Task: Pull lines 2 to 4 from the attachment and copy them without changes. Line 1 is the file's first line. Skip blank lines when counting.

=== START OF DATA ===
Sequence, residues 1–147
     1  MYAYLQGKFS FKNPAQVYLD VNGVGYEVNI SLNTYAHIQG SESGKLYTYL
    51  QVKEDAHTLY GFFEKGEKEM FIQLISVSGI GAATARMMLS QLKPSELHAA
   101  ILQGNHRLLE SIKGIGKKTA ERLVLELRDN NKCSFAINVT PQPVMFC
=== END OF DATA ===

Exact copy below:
     1  MYAYLQGKFS FKNPAQVYLD VNGVGYEVNI SLNTYAHIQG SESGKLYTYL
    51  QVKEDAHTLY GFFEKGEKEM FIQLISVSGI GAATARMMLS QLKPSELHAA
   101  ILQGNHRLLE SIKGIGKKTA ERLVLELRDN NKCSFAINVT PQPVMFC